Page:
EurWORK European Observatory of Working Life

VX Company, the Netherlands: Fostering employability


Organisation Size: 
Consultancy business services
Fostering employability

VX Company is an IT company whose employees work all over the country with client companies. In this type of organisation, it is more difficult to achieve organisational learning and competence development. Therefore, the company has created a system to support the employability of their employees. The policy seems to be successful and the company was elected as best employer by an organisation called Great Place to Work.

Organisational background

VX Company is an IT company, established in 1988. They specialise in automating enterprise systems and develop, integrate and manage business-critical applications. The company has over 250 employees and the workforce is highly educated. The mean age is 37 years and about 20% of the workforce is female. Employees are also shareholders for 12.5% of the total capital stock. These shares are placed in a foundation that is administrated by a board of employee representatives chosen by the personnel. The foundation represents the employees at shareholders’ meetings.

VX Company has a works council, but management prefers to involve all the staff in important decisions and wants everyone to think about and contribute to strategy and organisation. The works council is only active in official decision-making processes for which their consultation or approval is formally needed. In order to keep the employees involved in the development of the company, several activities are organised. Formal meetings for personnel are planned to discuss the company strategy. Moreover, the company management organises weekly informal meetings to get acquainted with the personnel and to exchange ideas about policy and strategy. Every employee attends such a meeting three times a year.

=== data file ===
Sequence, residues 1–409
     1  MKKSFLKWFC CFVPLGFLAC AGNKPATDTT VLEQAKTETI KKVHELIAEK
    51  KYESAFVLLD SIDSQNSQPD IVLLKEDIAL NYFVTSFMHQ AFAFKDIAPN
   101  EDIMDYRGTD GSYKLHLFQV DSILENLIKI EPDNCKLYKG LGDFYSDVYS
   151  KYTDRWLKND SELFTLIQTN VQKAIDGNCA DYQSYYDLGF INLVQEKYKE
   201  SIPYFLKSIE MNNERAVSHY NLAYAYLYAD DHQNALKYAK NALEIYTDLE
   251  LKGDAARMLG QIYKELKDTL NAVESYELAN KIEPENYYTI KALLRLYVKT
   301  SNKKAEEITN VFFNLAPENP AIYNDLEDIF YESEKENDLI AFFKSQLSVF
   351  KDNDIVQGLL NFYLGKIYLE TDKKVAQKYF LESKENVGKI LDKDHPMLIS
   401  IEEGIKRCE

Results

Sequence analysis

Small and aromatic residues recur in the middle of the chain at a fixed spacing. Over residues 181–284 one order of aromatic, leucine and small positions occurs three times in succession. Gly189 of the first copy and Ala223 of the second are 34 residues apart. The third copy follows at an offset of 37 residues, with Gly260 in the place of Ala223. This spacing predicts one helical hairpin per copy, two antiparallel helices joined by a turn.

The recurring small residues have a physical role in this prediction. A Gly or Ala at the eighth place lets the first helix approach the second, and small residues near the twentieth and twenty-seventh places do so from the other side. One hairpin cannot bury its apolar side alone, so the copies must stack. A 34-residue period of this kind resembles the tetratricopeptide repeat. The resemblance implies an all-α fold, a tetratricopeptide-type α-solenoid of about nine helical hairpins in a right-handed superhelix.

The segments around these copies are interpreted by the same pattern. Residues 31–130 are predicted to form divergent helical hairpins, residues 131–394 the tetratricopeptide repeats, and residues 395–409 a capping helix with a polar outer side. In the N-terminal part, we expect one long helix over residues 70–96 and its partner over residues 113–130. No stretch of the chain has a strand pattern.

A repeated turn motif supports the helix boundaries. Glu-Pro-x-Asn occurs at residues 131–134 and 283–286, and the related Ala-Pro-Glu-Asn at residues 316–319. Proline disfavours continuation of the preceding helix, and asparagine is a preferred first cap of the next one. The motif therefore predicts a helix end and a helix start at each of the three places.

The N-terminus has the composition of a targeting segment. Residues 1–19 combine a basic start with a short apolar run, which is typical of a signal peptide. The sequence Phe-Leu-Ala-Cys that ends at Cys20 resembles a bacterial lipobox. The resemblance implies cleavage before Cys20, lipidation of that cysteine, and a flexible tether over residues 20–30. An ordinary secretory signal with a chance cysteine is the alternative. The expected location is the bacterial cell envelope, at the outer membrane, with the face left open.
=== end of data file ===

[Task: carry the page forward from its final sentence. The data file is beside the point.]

There is no collective agreement about working conditions. Salary and perquisites are agreed on in individual arrangements. Arrangements concerning all personnel are discussed with the works council and/or with all personnel. Union density is low (the exact figure is unknown, but is estimated at less than 20%).

Description of the initiative

Organisational learning and competence development are more difficult to realise in a virtual organisation where employees do not work at the premises of the company, but rather all over the country with client companies. Coaching and training must be organised in a specific way in order to prevent employees being left on their own with regard to their skill development. Therefore, the company has created a system to support the employability of their employees.

The basic principle of the organisational structure at VX Company is that management should support employees as best they can in order to facilitate their work. For that reason, employees are supported by four managers: the business unit manager, the operational people manager, the operational quality manager and the operational technical manager. Employees are coached intensively by them to support and facilitate the development of all necessary skills, be it technical and professional skills or inter-personal skills. The system is meant to support the employability of individual professionals.

The guidance of employees is a yearly cycle, the starting point of which is a career planning interview. Management and employees discuss their goals for the next year. A performance interview takes place once a year, and halfway through the year an assessment interview takes place, including a discussion about salary. During the year, employees are coached intensively to support their development. Four support roles are defined:

  1. Business unit manager: The business unit manager leads the assessment interviews and decides on the employee’s daily activities. Agreements are made about professional or technical developments that will be evaluated by the end of the year. The business unit manager often consults with the other support managers to be informed about the employees.